Tower’s radiation levels worry Campbell River city councillor

Staff recommended the phone company install its free-standing tower off the side of the baseball diamond

Telus wants to improve cellphone service around Willow Point but one councillor is concerned the equipment needed could pose a cancer risk to the community.

Telus made a presentation to city council Tuesday night, proposing to put up a cell phone tower in Willow Point Park, near the baseball field off of Parkway Road.

“Telus is proposing to build a 30-metre mono pole at Willow Point park adjacent to the Sportsplex, in an area where the current cellular coverage is very poor – we get a lot of complaints,” said Brent Shannon, of Medallion Land Services on behalf of Telus. “The feedback is that it will be an improvement to the area.”

City staff, working with Telus, recommended the phone company install its free-standing tower off the side of the baseball diamond and the all-weather field, adjacent to the treed area near the back nine of the disc golf course.

That set off alarm bells for Coun. Larry Samson.

“I think this is the wrong site,” Samson said. “The last thing I think we want to do, with the uncertainty around radiation levels, is put a tower site in our parks so the city can collect a certain amount of revenue. I think we have to be very careful. There’s been studies done for the last decade and longer on the harmful effects of radiation that have been affiliated with or linked to these cell towers. To put it in our parks is just wrong.”

According to the Canadian Cancer Society, the World Health Organization organized a workshop in 2005 on cell phone towers and wireless networks to review health risks associated with radiofrequency energy. According to the Cancer Society’s website, it determined “that current evidence doesn’t show any short-term or long-term health effects from the signals produced by cell phone towers. However, ongoing research is still looking at the relationship between cancer and radiofrequency exposure from all sources.”

Coun. Mary Storry was also concerned about the location, and wondered if the tower would take away from the park.

“The tower itself is quite small and innocuous but the 10 meter x 10 metre fence (that would surround the tower) and the access road or pathway, I’m just wondering if we’re going to lose too much of our park space,” she said. “I’d really like to walk out there in the park and just pace it out. I’d just like to go out and have a look at it. I’m not opposed to putting up the tower, I just need to go out and have a peek.”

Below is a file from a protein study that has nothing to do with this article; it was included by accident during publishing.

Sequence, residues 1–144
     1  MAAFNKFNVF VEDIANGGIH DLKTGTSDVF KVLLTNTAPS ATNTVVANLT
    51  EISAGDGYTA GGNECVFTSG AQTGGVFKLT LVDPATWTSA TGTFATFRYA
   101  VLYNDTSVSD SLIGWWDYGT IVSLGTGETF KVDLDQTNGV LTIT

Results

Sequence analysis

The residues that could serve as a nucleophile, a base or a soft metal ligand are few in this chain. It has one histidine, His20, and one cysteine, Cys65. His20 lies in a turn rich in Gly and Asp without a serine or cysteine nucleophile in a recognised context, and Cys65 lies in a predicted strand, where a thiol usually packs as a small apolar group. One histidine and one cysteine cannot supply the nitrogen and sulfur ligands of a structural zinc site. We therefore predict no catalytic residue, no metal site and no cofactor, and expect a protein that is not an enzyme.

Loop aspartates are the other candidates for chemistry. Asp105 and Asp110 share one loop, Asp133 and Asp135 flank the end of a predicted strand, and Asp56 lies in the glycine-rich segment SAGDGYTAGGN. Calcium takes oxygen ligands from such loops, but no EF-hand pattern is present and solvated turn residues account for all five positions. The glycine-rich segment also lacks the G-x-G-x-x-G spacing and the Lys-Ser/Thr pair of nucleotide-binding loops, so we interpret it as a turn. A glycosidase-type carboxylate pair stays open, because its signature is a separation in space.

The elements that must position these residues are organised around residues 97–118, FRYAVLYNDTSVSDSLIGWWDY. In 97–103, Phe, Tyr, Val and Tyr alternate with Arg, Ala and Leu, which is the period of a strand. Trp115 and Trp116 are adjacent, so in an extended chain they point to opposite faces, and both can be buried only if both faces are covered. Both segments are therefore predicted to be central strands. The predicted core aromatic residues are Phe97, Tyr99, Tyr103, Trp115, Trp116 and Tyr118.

Shannon said Telus is not set on the location that went before council, but that it was a spot recommended by city staff.

“This wasn’t even Telus’ preferred location the reality is we’re pretty open to this location,” he said. “It will provide coverage for the people who are currently screaming for it. It’s one option, it doesn’t have to be there.” The spot Telus liked “was right in the same approximate area but this one is more tucked away into the trees,” Shannon said. “These types of towers are in parks all across Canada but that doesn’t mean it has to be in a park in Campbell River.

“We were working with city staff (in the hopes) it would be a positive installation that would benefit the community.”

Coun. Andy Adams said in consideration of Samson’s concerns about the tower location and Storry’s comments, he would like to refer the issue back to city staff for a report on possible locations and impacts.

Storry made the motion to put off any decision on the cell tower pending the staff report, which was passed by council.